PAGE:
John Daniel Schiller

No, Blackbeard East is suspended. No rig on them.

John Polcari

And you don't know what the exact plans are right now for the balance of the year on that?

John Daniel Schiller

Correct.

John Polcari

Okay. And can you speak to -- in the press release, you folks put a hedging ineffectiveness. How ineffective was the hedging? Can you just -- can you give us a little more color on your hedging ineffectiveness? Can you expound on that?

John Daniel Schiller

Yes. I mean, like, in the simplest form, it's a mark-to-market on what the strip is worth today versus what you had it at. You get that.

David West Griffin

It's noncash, and it's still -- the chances of it ever becoming a hit in the income statement are almost 0. It's the way the government has you do the accounting...

John Polcari

No, I understand the accounting. I just -- I mean, I have yet to see somebody call it hedging ineffectiveness. I just wondered if you would...

David West Griffin

I just figured it as widely used throughout the industry and throughout not just this industry, all industries, as it applies to derivatives. So...

John Polcari

Well, I mean I haven't seen it in the press release on the other 22 companies that I've looked at, but go ahead.

David West Griffin

Well, I mean, maybe it's just that they do not address it, but we did because $5 million, and if it's unexpected, we have it go the other way, too. I mean it goes the other way often as well. So it's related to the perfect hedge that you establish when you set up your program and how your hedges reflect the movement in your perfect hedge. So it's a very technical accounting thing and I wouldn't worry about it a whole lot. We're just trying to explain where the variance came from.

Operator

And our next question comes from the line of Joan Lappin from Gramercy Capital.

Joan E. Lappin - Gramercy Capital Management Corp.

I guess the number of my question -- this is sort of silly, but why on earth after years and years of the ultra-deep that we've got a new name? And whose idea was that?

John Daniel Schiller

I'm still calling it ultra-deep. Don't worry.

Joan E. Lappin - Gramercy Capital Management Corp.

Good, good. We're with you. Okay, so essentially, if you're taking out all the goodies from Davy 1, then that's just been declared a -- and we're not bothering anymore, and we'd like to recover all the money we put down the hole that we can. Is that correct?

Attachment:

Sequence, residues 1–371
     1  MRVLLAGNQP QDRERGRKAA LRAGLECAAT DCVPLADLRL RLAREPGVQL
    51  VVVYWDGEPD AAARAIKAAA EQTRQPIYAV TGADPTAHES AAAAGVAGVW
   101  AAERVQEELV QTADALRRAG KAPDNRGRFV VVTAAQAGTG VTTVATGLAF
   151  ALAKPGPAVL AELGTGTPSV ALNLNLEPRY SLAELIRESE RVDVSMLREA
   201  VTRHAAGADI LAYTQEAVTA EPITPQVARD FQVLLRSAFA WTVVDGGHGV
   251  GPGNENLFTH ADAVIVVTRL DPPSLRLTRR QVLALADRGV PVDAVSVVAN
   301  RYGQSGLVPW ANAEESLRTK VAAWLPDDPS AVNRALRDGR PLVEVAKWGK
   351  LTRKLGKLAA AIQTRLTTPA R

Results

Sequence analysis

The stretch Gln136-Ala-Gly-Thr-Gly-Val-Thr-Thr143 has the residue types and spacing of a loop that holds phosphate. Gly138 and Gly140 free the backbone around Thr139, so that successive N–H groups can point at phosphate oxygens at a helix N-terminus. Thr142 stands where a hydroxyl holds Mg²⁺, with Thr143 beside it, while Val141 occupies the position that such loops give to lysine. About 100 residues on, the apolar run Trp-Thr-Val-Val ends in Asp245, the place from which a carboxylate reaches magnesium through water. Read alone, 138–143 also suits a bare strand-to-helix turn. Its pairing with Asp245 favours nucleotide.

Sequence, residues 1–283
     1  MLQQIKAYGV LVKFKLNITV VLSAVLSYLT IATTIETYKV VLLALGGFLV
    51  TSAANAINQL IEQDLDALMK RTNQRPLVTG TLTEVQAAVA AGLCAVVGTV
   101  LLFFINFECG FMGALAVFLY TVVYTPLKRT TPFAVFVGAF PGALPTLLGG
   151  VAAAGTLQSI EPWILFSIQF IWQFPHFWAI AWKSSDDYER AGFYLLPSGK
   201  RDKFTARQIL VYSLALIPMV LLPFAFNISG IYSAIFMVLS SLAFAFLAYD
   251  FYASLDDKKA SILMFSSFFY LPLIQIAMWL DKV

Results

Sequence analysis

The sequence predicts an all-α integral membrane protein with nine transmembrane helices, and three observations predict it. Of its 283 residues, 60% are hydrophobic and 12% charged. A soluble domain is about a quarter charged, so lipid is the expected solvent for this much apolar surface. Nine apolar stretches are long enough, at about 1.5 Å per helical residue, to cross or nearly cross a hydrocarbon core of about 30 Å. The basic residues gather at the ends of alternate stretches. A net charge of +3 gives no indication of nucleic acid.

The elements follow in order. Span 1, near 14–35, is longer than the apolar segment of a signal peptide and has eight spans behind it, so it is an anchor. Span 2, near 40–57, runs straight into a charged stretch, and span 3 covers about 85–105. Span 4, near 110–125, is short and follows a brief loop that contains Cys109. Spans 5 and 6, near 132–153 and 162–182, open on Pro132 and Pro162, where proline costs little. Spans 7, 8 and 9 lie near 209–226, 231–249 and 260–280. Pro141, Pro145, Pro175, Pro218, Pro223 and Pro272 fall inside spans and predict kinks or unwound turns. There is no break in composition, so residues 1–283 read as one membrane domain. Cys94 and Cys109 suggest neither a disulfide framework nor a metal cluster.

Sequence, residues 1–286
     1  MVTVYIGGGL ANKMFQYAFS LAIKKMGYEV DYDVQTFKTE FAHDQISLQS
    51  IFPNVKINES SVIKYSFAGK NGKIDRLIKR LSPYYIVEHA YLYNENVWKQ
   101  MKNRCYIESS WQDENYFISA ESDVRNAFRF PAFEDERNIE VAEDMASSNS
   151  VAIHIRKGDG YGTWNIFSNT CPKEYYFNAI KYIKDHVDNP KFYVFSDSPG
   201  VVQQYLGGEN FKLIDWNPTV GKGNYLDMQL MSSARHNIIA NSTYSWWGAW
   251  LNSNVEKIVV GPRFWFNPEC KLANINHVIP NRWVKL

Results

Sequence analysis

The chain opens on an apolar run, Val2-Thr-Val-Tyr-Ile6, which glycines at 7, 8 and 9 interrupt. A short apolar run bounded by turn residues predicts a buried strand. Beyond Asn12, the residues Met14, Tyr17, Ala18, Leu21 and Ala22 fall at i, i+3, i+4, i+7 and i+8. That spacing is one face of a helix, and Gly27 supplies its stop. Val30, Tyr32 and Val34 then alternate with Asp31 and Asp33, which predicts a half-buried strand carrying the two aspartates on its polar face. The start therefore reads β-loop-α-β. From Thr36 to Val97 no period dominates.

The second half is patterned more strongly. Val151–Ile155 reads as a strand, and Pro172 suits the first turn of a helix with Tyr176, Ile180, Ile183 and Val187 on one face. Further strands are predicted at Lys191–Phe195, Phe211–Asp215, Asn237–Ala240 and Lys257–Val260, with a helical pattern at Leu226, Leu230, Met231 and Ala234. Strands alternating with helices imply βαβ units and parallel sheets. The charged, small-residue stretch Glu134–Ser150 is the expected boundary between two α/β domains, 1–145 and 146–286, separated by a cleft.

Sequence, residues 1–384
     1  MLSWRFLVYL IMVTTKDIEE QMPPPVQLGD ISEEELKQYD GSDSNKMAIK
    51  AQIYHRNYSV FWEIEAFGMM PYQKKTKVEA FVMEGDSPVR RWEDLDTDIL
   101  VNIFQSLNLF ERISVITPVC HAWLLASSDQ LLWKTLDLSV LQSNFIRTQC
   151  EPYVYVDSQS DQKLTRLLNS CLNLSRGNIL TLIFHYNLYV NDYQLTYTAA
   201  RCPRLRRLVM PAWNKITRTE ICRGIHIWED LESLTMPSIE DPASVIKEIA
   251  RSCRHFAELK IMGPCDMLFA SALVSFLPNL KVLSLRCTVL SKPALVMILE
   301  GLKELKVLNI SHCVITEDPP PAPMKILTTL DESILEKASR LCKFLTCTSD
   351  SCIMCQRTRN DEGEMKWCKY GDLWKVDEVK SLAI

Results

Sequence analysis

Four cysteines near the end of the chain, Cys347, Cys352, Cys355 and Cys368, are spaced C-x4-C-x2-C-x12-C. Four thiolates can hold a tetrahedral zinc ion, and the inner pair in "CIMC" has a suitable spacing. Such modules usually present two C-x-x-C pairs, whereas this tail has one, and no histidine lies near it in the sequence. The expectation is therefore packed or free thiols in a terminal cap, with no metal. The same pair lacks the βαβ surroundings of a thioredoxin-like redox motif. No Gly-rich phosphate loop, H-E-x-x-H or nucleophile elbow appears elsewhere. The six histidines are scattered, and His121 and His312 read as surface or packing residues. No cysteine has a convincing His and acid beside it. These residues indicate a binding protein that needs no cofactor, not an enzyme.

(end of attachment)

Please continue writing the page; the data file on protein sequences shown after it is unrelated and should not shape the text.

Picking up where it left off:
John Daniel Schiller

Yes, I think the way that status is going to work is to temporary abandon. From our accounting standpoint, we have pulled the numbers in to our DDNA [ph] number this quarter along with Blackbeard.

Joan E. Lappin - Gramercy Capital Management Corp.

Okay, now can we revert to the monetization of the ultra-deep? Originally, you had said, "Well, if they bring in a partner and were asked to go along, we will." But now you're talking about we have -- we're not thrilled about spending money on Blackbeard West, or we can get better ROEs elsewhere or whatever. So could you kind of clue us in to what your real thinking is on ultra-deep at this point?

John Daniel Schiller

Yes, I mean, Joan, look. I think we're pretty straightforward all the time. We've got a lot more data on the newer wells. We've gotten course. There are a lot of things to give you a lot of confidence in their ability to flow. When you go back over to Blackbeard West, we -- all we have is open-hole logs, and there's a couple of different ways to look at those open-hole logs in terms of how they've been processed and there's analogies to support what Jim Bob's doing. He's got some great examples that say that the rig distribution we're seeing there could be pay it could be liquid pay. My guys don't necessarily agree. So I mean, it that happens all the time. We're not on the same page. It's the same data. But the risk reward where I sit today for our company is to take that money and go drill a horizontal well versus putting more money into that particular well. I mean, it can't get any worse than that.

Jeffrey W. Robertson - Barclays Capital, Research Division

Okay, then how would you go about -- I mean, what would be the process of monetization of your interest there in the ultra-deep partnership that's been ongoing now for a long time?

John Daniel Schiller

Well, I think from our view, we're not getting out of the bill. What we're looking for is to get someone to come in who wants to take a piece of the action and help us pay some of the bills going forward.

Joan E. Lappin - Gramercy Capital Management Corp.

Okay. So the prospects for that have to be a lot better with that gas closer to 5 than when a couple of years ago, it was closer to 2?

John Daniel Schiller

Yes. And I think it tells better of your LNG exporting. The guys were talking about wanting access to gas, so all of those things help.

Joan E. Lappin - Gramercy Capital Management Corp.

Okay. Okay. And I know you answered about the authorization. Okay, so are there any particular issues and any ones accepting -- I guess I have 2 more questions. Any issues expected on completing Davy 2?

John Daniel Schiller

Running smoothly right now. So I'd -- it's a much bigger wellbore on a relative basis. We haven't gotten any hiccups at all. Knock on wood. So I think everything's going to go as planned.

Joan E. Lappin - Gramercy Capital Management Corp.

Okay. And then in terms of -- well, I guess somebody asked earlier, but is the expectation there'll be more on-shore than off-shore work in the trend?

John Daniel Schiller

Yes. I mean, I think that probably one of the reasons you heard it renamed, as we go on-shore, you start getting these targets at depths less than 25,000 feet. So it's more like the deep gas that Jim Bob did at Flatrock. So yes, I think in the environment we're in, I think you're going to see more drilling on-shore then off-shore. And you're going to see us staying close to where things are working.